Dr Hailey doesn’t manage to catch up with Duchlan, he concludes the old man can walk fast when he wishes. He can tell he isn’t inside the castle though as he can’t see him in his lighted room. He wonders where the man has gone and begins to look for him. He reaches the stream and sees Eoghan’s boat but can tell there is no-one onboard. He thinks Duchlan’s emphasis on the time meant that he was keen to impress on their minds that he was not present at some event due to happen at 2am. He sees a woman approach the water. He then hears a subdued cough in the shadows. The woman throws herself into the water. Dr Hailey dives into the water and pulls her out and begins artificial respiration and eventually brings her round. He notices bruises on her throat indicating someone had attempted to strangle her about 12 hours before. He thinks he hears footsteps behind him, but can’t see anyone when he looks. Her first muttered words are ‘your sake’ and ‘failure’ and that she was ‘so frightened’. She tells him she is Oonagh, and that he shouldn’t have rescued her and that her life isn’t worth saving. She begs him not to make her go back to the castle. She refuses to answer his questions about the bruises on her neck, and begs him not to tell anyone about the bruises, saying he must regard them as a professional secret as a doctor. He takes her to Darrach Mor with him. He tells her that Duchlan knew that she tried to kill herself and that he was there watching her and that he must have approved of her doing this as he didn’t try to stop her, he thinks this is because Duchlan associates her in some way with the death of his sister and that Oonagh is a danger to the family in some way. She says if Duchlan was watching then he will know she survived and has gone to Darroch Mor and he will send her husband there. They then hear footsteps and Eonagh arrives. Oooh, this is all very dramatic and mysterious with Oonagh trying to drown herself and seemingly with Duchlan’s knowledge and approval, and someone having seemingly tried to strangle her as well, and her terror at the thought of her husband coming for her if it is known she did not die. The sound of footsteps and the torchlight shone to reveal the husband’s face as he approaches out of the darkness, is beautifully done and very tense. I wish we were more privy to Dr Hailey’s thoughts and reasoning though. He says ‘it’s my business to guess what people do not tell me’, grrr, I wish he’d share those guesses with the reader though. It’s feeling a bit cold and matter-of-fact to read, I think, because we’re not involved with Dr Hailey’s thoughts, a bit Sherlock Holmes-like I think, as we’re just watching him reach conclusions but not sharing his process of deduction. I don’t enjoy that method as much.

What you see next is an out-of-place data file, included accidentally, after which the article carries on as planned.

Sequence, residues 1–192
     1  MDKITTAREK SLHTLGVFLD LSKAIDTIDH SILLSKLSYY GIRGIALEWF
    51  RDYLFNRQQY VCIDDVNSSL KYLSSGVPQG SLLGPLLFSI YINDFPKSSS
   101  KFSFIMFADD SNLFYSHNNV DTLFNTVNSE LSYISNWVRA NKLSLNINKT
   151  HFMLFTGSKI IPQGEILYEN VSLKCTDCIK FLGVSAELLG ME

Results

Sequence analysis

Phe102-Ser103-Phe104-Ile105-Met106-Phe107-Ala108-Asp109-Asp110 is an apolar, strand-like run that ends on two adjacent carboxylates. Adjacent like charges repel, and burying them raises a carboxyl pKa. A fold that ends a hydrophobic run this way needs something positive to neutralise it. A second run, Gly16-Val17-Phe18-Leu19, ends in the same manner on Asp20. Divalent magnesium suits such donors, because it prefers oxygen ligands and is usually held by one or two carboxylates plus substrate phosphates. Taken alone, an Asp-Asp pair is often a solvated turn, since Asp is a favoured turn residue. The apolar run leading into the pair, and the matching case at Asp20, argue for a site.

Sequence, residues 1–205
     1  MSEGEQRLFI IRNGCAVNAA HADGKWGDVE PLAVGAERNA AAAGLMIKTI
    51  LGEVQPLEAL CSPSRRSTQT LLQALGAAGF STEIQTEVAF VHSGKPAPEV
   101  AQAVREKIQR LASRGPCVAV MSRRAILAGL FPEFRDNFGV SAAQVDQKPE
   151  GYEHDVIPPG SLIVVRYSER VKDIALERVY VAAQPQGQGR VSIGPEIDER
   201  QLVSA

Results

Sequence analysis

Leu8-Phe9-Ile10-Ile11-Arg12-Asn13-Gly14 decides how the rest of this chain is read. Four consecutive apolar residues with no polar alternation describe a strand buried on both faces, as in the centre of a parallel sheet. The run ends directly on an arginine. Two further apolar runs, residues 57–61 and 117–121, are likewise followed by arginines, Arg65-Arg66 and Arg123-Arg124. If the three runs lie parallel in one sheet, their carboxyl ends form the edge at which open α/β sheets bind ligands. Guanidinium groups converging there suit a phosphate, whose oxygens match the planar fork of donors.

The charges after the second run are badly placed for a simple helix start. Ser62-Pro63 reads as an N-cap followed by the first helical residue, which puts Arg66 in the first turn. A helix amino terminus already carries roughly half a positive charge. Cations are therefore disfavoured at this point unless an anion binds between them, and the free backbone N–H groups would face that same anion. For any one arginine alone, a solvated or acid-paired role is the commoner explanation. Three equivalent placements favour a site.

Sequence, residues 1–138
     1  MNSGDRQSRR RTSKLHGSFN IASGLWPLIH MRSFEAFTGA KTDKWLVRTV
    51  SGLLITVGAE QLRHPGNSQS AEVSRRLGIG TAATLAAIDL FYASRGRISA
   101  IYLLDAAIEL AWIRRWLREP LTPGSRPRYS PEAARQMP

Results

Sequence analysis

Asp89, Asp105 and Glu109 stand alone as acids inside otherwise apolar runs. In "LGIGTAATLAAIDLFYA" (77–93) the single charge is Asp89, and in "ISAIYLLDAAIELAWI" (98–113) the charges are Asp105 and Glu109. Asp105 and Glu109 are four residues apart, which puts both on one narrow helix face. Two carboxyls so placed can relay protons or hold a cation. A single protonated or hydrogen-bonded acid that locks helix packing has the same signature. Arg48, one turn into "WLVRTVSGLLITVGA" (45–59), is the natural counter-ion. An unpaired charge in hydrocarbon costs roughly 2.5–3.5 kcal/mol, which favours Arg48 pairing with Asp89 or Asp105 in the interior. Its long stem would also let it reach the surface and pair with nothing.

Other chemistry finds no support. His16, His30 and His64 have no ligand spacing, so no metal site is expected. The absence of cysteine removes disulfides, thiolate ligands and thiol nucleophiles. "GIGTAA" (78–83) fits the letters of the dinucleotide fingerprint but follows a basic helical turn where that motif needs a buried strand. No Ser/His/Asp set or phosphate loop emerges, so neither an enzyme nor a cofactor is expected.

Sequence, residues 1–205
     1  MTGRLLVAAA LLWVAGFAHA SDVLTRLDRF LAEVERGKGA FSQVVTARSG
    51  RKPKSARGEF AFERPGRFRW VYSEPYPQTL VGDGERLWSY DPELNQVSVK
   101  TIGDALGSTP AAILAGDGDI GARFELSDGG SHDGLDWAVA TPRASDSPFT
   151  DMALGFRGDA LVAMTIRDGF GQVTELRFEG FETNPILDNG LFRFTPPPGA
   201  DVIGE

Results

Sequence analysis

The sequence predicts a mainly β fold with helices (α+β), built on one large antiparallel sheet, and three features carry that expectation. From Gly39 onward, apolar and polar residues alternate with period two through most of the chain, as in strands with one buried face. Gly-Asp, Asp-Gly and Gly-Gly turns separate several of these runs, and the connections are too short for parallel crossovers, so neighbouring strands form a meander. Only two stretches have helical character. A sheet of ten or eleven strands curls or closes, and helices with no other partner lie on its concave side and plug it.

Eoghan demands Oonagh comes back home, saying his father sent him to fetch her. She refuses. Dr Hailey tells Eoghan he rescued Oonagh from the water, but makes it sound as if she slipped. He talks to them about the murder, saying Mary was killed by someone ‘possessed of great strength and using a weapon taken from a fishing boat’ and explains about the herring scale found in the wound. He also says the murderer remained in the room while Mary died, which took some time after the stabbing, as if the weapon had been removed before death then there would have been lots more blood. Eoghan says he bought some herrings on his way across the loch yesterday and there are scales all over his boat. He also says he tried to visit Mary at 11pm last night but her door was locked and there was no answer when he called her name. Oonagh then says she went to Mary’s room just after 10pm as Christina was leaving the room, that Mary looked terrified at the sight of Oonagh when she approached her bed, like she had seen a ghost, and Oonagh then became frightened and left the room. She heard Mary lock her door, she tried the handle a few times thinking Mary may have needed help but it was locked, she also called to Mary but she didn’t answer. She said she had gone into Mary’s room as they had quarrelled earlier. Dr Hailey then tells Eoghan that Oonagh had tried to drown herself and that it was possible that Duchlan was watching, he says he believes Oonagh did this because she believed Eoghan had murdered Mary so she tried to shield him by committing suicide and making herself look guilty. He says he believes Eoghan also suspected Oonagh of committing the murder. He says the wound could not have been done by a woman so Eoghan need no longer suspect Oonagh, and because Eoghan suspected Oonagh this shows he himself must be innocent. They are both relieved and go home. Phew, what must have been going on between them all at the castle.